Adobe has released information today of an emergency patch that will fix a zero-day exploit in Flash. The flaw is being exploited in the wild, and Adobe plans to release the fix on Thursday, June 16.
Flash zero-day used in live attacks
Adobe has released security updates for a number of its products, however, a Flash exploit rated critical is still waiting for the patch. The zero-day vulnerability is being exploited in targeted attacks, and will hopefully be resolved later this week, Adobe said in its security advisory. The flaw allows an attacker to take control of vulnerable systems. Anton Ivanov and Costin Raiu of Kaspersky Lab who informed Adobe of this vulnerability, have reported that the vulnerability was used in targeted attacks.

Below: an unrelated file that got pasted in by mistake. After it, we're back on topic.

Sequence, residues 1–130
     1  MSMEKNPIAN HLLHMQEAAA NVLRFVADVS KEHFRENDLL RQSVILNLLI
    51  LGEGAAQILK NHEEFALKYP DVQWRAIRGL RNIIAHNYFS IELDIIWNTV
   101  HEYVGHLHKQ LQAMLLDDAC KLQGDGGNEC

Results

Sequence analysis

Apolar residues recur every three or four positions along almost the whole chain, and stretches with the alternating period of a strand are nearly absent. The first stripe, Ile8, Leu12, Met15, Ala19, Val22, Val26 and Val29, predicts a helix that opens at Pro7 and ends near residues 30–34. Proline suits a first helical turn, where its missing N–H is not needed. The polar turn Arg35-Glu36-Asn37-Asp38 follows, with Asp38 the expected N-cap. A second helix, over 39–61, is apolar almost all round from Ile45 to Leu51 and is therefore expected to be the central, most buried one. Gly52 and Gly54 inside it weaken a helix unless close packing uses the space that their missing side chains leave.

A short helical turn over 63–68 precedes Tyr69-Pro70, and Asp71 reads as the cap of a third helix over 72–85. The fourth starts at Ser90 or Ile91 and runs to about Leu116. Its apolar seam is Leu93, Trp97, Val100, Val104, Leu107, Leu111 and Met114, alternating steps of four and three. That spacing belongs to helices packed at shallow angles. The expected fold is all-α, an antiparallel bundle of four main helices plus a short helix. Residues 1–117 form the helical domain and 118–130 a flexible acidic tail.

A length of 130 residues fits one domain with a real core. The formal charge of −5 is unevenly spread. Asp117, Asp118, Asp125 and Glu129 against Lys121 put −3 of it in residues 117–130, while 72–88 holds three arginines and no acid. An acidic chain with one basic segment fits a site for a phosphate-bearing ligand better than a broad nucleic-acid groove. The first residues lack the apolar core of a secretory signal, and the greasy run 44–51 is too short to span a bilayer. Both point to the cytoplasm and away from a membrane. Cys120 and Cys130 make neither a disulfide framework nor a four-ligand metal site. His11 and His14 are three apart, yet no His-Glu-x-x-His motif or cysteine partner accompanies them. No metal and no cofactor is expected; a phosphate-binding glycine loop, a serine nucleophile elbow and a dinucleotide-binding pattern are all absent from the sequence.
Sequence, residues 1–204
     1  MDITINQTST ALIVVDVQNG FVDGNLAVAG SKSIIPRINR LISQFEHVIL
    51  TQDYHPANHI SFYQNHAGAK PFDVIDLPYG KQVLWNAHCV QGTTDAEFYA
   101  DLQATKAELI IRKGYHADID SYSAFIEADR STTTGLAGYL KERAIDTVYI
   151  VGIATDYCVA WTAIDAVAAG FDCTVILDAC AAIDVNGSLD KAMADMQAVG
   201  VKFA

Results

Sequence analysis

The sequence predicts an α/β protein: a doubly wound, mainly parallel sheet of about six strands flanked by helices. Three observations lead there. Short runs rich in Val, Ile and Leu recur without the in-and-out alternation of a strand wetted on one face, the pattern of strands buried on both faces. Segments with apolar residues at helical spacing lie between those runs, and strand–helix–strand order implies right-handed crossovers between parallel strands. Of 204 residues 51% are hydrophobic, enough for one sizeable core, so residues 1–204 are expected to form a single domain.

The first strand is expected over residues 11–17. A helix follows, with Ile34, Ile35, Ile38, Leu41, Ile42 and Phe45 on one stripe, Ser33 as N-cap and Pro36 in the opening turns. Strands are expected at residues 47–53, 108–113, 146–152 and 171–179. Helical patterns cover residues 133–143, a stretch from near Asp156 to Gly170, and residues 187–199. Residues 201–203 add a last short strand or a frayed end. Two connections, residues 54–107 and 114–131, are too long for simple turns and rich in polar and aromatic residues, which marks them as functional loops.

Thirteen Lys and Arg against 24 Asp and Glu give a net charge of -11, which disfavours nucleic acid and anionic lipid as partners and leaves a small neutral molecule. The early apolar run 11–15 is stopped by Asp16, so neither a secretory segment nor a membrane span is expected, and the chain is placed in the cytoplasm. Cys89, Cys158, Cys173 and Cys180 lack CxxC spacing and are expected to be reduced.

Adobe said that the zero-day vulnerability exists in the wild, but does not appear to have been exploited in large-scale attacks. The flaw "is being used in limited, targeted attacks," company has claimed.
Adobe is aware of a report that an exploit for CVE-2016-4171 exists in the wild, and is being used in limited, targeted attacks.
A critical vulnerability (CVE-2016-4171) exists in Adobe Flash Player 18.104.22.168 and earlier versions for Windows, Macintosh, Linux, and Chrome OS. Successful exploitation could cause a crash and potentially allow an attacker to take control of the affected system.
The critical Flash zero-day vulnerability (CVE-2016-4171) affects Flash Player 22.214.171.124 and earlier versions. Users are affected on all operating systems, including Windows, Macintosh, Linux, and Chrome OS. Flash 126.96.36.199 is the company's latest version, which means this zero-day affects ALL Flash installations. Users are recommended to update the Flash Player on their devices, as soon as the security patch is released later this week. We will keep this space updated with any developments.
Adobe also issued security patches for Adobe Brackets Web IDE, Creative Cloud desktop app, ColdFusion, and DNG SDK. For more information about the flaws fixed, please visit the security advisory.